Whenever a patient tells me they have a bulging disc, the first question I ask them is, "How do you know?" If they respond by telling me about their MRI, I have more confidence that they are correct; however, if they tell me their doctor said it was bulging, but they don't have an MRI to support that contention, I tend to be skeptical.
The most important factor many doctors tend to forget when it comes to lumbar discs is that the psoas muscle directly attaches to the discs. The origin of the psoas is the anterior bodies of T12 to L5 bilaterally, and it inserts into the lesser trochanter. The psoas flexes and externally rotates the thigh and/or creates more hyperlordosis in the lumbar spine.
If a psoas muscle is hypertonic, shortened and irritated, would that not be a major cause of disc stress leading to tears and bulging? I suggest that all patients with disc problems should have the psoas muscle evaluated for dysfunction.
Patients presenting with disc problems can quickly be recognized by their ipsilateral, antalgic gait. Range-of-motion testing will note loss of motion in extension, lateral flexion to the unaffected side and rotation. There are also dynamic movement tests that most disc patients will not be able to perform, such as hip circles and movements involving hip and pelvic motions.
Palpation of the psoas is difficult since most of it is not accessible, except the insertion at the lesser trochanter, which should reveal more tenderness on the involved side. Muscle testing of the psoas should reveal more weakness on the involved side.
To isolate the psoas muscle from other hip flexors when testing strength, I prefer to have the patient supine with the knee bent. I ask the patient to flex their hip and externally rotate the thigh so the psoas is in a fully contracted position. Apply force on the distal thigh and note the power output and endurance of the muscle as you attempt to break the contraction. A fully functional psoas will lock and hold for up to three seconds without weakening or experiencing total failure. Keep in mind that both psoas muscles may be dysfunctional, as well as the iliacus, abdominals and quadratus lumborum.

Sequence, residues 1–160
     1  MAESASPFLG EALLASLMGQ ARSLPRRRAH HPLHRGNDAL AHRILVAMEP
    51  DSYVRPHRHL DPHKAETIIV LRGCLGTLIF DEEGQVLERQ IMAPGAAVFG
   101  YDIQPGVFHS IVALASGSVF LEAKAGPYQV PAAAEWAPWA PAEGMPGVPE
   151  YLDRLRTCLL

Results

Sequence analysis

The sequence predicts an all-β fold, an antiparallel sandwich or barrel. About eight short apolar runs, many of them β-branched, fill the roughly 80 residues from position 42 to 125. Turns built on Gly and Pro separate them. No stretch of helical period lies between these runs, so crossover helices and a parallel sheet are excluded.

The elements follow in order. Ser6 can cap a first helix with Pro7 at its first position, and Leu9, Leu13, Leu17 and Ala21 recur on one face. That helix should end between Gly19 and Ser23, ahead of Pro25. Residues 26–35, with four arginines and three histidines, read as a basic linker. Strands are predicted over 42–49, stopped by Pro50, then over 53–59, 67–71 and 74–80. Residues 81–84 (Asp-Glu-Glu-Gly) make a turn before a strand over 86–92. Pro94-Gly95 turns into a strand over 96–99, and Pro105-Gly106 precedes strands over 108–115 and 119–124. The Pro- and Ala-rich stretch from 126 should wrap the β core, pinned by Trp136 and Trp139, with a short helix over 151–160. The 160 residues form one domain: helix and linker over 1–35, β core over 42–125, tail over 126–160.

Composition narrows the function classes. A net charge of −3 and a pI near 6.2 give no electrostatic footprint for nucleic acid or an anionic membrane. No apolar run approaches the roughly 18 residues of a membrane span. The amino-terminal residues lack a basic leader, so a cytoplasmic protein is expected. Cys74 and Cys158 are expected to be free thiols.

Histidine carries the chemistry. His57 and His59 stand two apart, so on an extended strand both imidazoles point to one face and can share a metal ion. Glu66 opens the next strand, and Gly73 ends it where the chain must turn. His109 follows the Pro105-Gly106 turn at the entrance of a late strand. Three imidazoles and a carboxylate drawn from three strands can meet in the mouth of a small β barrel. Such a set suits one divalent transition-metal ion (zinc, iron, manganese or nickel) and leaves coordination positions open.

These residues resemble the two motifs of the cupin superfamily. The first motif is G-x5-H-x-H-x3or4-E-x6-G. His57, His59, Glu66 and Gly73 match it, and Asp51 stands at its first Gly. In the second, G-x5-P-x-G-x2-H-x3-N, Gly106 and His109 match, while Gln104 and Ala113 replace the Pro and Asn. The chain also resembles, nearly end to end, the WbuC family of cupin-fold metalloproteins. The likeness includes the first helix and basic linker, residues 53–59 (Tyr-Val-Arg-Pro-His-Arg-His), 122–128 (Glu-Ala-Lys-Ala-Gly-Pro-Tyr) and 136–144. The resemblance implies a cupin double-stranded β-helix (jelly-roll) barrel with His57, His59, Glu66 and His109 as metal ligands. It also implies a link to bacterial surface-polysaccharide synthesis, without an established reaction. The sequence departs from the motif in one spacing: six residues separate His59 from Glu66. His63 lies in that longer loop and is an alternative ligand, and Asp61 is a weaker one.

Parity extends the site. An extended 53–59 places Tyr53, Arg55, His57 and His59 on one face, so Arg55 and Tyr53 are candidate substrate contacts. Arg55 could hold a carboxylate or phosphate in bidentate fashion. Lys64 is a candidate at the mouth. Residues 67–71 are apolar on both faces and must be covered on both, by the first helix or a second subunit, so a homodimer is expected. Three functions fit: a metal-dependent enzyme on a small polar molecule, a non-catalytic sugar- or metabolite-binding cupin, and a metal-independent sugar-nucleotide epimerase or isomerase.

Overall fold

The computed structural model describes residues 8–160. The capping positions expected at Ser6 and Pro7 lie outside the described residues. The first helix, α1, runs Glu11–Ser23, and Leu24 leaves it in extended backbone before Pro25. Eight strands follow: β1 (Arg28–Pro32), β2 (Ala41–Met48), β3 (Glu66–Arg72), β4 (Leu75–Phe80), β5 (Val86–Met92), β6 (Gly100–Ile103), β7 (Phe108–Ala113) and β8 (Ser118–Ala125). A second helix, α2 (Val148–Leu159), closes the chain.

How can the psoas muscle be adjusted when it is buried deep inside the body? Two manual adjusting techniques I prefer to use are intra-abdominal traction and rotational torque of the femur.
To perform intra-abdominal traction, compress the superior hand into the abdomen to the anterior aspect of the lumbars, creating superior,medial pressure to reduce hyperlordosis while the patient is supine. Your inferior hand contacts the patient's bent knee and abducts the thigh; you should feel stretching occur under the superior hand. This technique should be a gentle stretch of the psoas and should feel good to the patient.
Rotational torque is the term used to describe the action of rotating a limb to create stretch and traction of a muscle. Rotational torque to the psoas should also be done with the patient supine. The superior hand slides under the upper leg until the hand wraps around the medial side of the thigh. The superior forearm should be touching or just below the ischium.
Slide the patient's lower leg just off of the table and let it rest against your inferior knee to allow for slight hip extension. The inferior hand will make contact on the upper leg exactly opposite the superior hand. The femur is then rotated internally until maximum tension is reached, at which point you perform a series of nudges, torquing the thigh into more internal rotation. The patient should feel this stretch occur in their low back and will usually express their sense of relief with a sigh.
I find that many doctors tend to use passive release techniques on the psoas, but do not have protocols for how much, how long and when to stop. I recommend performing pre- and post-treatment muscle testing to prove to the patient (and their primary care doctor) that the treatment is or is not effective. After applying the two techniques described above, post-treatment MRI should reveal decreased disc bulging.
Dr. Todd Turnbull, has authored online courses and articles about concussions, sports performance, soft-tissue diagnosis, rehabilitation and disc herniations. He is a 1991 graduate of Life University, a board-certified chiropractic sports physician, and maintains a private practice in Portland, Ore. He can be contacted with questions or comments via his Web site: www.drtoddturnbull.com/DCJournal.